My office is full of backups. My headset used for making VoIP telephone calls could fizzle out, so I keep a backup headset just in case. Suppose I spill coffee on the keyboard of my desktop computer? (And, admittedly, this has happened.) My backup keyboard is in the office closet and ready to plug in, just in case, so I won’t miss a beat when it comes to work. I would never be caught dead without a backup printer cartridge. And, the data for my firm? Our firm’s IT vendor backs up our data in three or four different ways to ensure that, if an emergency occurs, we will be able to recover.
Most of you likely have backups for the key things in life – the things that create pure chaos if they are lost or broken. For example, what about that extra set of house keys that you hide under the rock in your backyard in case you accidentally lock yourself out of the house? But what about a backup for your fiduciaries named in your estate planning documents? By “fiduciaries,” I’m referring to your nominated Personal Representatives in your Will, your Attorney-in-Facts named in your General Durable Power of Attorney and Durable Power of Attorney for Health Care Decisions, and your Trustees named in either your Revocable Living Trust or your Testamentary Trust contained in your Will. When picking who will be in charge, often it’s easy to name the first choice. It could be your spouse, partner, the sibling you are closest to, or your best friend. But, keep in mind that the reason your first choice is often the easiest choice is because it’s a person you like and spend time with. When you spend time with someone, accidents can occur that result in multiple deaths. That’s why it’s important to have at least one, if not more, backups in mind for each fiduciary role in your estate planning documents. Estate planning is all about planning for the unexpected. And, just like the chaos that ensues when your keyboard doesn’t work after the coffee spill, or you are outside of the house frantically making phone calls once you realize that you are accidentally locked out, that chaos happens on a considerably magnified level when there’s no backup fiduciary named in an estate planning document so no one can easily take charge of a needed task.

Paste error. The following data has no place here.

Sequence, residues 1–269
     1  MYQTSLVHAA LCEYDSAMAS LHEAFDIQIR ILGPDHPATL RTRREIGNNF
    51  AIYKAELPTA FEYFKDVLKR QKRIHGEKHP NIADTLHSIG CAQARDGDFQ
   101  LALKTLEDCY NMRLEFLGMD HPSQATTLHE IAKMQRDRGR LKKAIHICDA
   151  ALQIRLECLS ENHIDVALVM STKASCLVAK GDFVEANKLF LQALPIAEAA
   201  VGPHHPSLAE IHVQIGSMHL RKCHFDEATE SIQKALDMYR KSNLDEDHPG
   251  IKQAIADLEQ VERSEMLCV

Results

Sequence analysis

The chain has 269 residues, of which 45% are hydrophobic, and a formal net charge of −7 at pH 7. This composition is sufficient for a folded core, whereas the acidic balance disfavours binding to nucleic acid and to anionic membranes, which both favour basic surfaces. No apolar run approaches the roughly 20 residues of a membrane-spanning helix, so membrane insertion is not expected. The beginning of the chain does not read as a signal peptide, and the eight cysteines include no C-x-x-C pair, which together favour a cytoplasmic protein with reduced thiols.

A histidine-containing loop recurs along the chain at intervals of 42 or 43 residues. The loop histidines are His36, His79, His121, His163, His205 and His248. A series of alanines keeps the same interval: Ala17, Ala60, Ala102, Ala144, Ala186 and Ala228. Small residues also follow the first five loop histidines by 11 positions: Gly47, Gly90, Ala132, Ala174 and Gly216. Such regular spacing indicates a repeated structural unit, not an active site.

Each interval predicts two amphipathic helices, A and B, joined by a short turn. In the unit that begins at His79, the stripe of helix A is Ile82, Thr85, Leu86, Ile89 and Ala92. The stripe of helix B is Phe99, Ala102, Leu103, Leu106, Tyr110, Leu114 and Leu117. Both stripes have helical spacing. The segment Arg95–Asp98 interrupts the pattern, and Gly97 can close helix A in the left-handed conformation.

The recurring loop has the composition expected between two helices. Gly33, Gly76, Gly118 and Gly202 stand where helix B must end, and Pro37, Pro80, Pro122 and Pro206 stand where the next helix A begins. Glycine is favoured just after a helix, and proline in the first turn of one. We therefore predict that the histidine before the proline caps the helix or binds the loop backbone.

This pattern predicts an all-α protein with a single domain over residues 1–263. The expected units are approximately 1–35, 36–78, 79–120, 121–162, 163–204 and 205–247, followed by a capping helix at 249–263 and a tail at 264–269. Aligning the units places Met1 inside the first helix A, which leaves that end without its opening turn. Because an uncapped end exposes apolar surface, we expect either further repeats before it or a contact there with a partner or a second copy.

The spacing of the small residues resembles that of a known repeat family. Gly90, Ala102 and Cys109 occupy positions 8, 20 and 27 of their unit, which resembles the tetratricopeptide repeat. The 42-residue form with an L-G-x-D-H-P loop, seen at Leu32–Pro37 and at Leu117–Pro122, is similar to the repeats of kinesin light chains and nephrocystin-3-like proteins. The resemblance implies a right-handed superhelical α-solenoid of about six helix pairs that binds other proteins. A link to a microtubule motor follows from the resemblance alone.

And the same principle applies in relation to your beneficiaries. For example, suppose Tom names his wife Suzy as his primary beneficiary in his Will, and his children Jamie and Leo as secondary beneficiaries? But sadly, the family’s annual rock climbing vacation goes south in a major way, and all the family members perish. If Tom failed to name any contingent beneficiaries in his Will, then his estate will be distributed by intestate succession which may not be a desirable result.
So be sure to backup your life and backup your estate plan! If you need assistance, we’d be happy to help.
This post is for informational purposes and does not contain or convey legal advice. The information herein should not be used or relied upon in regard to any particular facts or circumstances without first consulting with an attorney.